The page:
Designers Not Tom have created an installation where coloured dye rises by capillary action out of paint tins and along tree branches wrapped in wool.
The movement of dye along each branch resembles the natural movement of water up trees.
The result is a gradient along each branch between the natural wool and the coloured dye.
Wrapping the 150 sticks and tree branches in wool took almost a month to complete.
The paint tins that the wool-wrapped branches sit in are arranged around the edges of the room. They are also installed in the gallery's windows and can also be found in the windows of Pringle of Scotland's shop on Sloane Street, London.
Following a successful exhibition from 7 to 28 September for Wool Modern at La Galleria the installation is touring the world for the next year. It is currently at Galleria KaufHof, Alexanderplatz, Berlin.
Harry Osborne from Not Tom gives some more information on the project here:
The show is part of Woolmark's campaign for wool and coincides with Wool Week.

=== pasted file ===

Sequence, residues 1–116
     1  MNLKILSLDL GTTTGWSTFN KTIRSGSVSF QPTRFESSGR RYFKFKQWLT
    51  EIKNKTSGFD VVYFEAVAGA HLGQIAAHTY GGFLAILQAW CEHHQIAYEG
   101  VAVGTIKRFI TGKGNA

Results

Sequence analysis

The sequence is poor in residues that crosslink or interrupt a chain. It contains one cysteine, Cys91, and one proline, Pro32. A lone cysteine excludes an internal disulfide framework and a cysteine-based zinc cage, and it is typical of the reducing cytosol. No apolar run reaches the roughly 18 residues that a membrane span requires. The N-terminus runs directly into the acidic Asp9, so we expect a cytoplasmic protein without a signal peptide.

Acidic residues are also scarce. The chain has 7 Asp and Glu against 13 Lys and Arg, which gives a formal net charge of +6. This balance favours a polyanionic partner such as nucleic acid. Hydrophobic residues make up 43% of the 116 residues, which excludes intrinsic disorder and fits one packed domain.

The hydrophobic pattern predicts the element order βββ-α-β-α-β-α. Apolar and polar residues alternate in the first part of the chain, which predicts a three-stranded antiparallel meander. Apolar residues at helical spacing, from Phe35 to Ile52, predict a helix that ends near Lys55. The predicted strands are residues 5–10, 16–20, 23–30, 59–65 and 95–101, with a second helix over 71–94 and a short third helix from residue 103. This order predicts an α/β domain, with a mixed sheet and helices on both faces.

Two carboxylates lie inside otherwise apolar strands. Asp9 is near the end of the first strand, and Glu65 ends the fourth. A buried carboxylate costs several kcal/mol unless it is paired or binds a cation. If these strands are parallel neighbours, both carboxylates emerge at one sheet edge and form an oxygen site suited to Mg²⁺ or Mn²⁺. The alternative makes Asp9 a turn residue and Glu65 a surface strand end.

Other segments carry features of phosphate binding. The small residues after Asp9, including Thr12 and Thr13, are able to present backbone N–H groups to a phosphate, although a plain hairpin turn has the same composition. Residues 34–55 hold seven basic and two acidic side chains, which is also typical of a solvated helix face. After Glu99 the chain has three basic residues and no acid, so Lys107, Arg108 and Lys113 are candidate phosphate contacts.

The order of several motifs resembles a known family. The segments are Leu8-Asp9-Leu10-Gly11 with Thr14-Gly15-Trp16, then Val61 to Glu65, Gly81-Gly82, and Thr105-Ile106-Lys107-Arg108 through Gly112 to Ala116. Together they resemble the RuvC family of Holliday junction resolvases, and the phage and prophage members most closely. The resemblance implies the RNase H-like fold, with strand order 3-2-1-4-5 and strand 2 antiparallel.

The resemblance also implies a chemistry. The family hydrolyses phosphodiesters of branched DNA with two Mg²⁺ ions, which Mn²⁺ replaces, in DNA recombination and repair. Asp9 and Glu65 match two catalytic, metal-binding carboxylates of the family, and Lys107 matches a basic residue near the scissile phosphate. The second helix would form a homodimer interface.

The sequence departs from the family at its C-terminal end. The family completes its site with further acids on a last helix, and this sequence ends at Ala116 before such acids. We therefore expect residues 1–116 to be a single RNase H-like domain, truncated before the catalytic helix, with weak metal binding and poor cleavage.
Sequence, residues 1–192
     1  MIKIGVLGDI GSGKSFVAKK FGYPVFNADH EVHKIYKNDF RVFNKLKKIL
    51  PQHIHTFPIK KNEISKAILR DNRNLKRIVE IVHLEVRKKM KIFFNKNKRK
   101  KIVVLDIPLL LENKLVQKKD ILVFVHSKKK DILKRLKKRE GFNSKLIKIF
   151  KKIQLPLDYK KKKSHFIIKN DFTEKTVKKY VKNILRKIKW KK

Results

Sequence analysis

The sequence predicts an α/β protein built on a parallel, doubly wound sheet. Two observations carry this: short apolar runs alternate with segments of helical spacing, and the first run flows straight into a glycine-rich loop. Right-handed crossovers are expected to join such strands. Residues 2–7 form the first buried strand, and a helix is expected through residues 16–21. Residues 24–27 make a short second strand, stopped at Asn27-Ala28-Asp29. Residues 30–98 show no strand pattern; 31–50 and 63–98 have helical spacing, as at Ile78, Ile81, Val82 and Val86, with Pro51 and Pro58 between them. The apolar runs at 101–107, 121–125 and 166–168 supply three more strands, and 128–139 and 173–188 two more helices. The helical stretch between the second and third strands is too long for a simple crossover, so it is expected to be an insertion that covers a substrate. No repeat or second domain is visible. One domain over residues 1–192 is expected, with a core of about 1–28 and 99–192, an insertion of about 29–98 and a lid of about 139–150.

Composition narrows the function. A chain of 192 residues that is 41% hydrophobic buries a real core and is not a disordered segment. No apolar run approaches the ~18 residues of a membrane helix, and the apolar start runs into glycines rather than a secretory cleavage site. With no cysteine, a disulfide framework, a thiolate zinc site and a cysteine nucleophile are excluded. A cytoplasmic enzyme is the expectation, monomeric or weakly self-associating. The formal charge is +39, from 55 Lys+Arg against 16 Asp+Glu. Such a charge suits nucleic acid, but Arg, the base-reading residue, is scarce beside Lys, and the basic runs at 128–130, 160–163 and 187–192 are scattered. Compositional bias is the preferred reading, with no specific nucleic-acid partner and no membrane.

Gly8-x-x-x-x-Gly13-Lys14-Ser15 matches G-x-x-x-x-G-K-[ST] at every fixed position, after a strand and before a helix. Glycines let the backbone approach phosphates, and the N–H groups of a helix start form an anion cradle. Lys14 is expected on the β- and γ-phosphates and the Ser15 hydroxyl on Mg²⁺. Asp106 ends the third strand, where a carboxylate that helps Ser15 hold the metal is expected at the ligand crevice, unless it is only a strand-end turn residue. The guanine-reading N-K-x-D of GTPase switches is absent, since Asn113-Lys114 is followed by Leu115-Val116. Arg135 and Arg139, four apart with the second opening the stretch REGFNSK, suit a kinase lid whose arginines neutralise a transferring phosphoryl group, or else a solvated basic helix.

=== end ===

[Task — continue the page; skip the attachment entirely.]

Not Tom was commisioned by Woolmark and show curator Charlotte Lurot to create an original piece for inclusion in the Wool Modern exhibition in La Galleria, Pall Mall.
Our response to the brief for a wool themed installation to surround a room was our piece "Dyed In The Wool", created in collaboration with Loui Thomas.
The outside edges of the room are lined with assorted paint tins filled with various coloured dyes. Stood in each jar, and set at random angles are large sticks and sections of tree branches completely wrapped in natural wool top. If the wool is dampened, capillary action causes the coloured die to rise up the sticks, eventually forming a gradient from the natural colour of the wool to the bright colour of the dye.
The full effect of the installation is that of a strange woollen forest, with a subtle, colourful glow around the bottom of the room. We liked that the mummification in wool of the dead branches is juxtaposed by the capillary action re-creating the natural movement of water up a living branch. Meanwhile it acts as a demonstration of dyeing processes.
It was an arduous task to hand wrap the 150 sticks in wool, taking nearly a month to complete (and calling in lots of favours!) but we think the overall effect has been worth the effort.
The sticks have become something of a totem for the Campaign for Wool, with them also being installed in the gallery windows, the windows of Pringle of Scotland's Sloane Street shop and included in the promotional video for the exhibition in association with Harrods.
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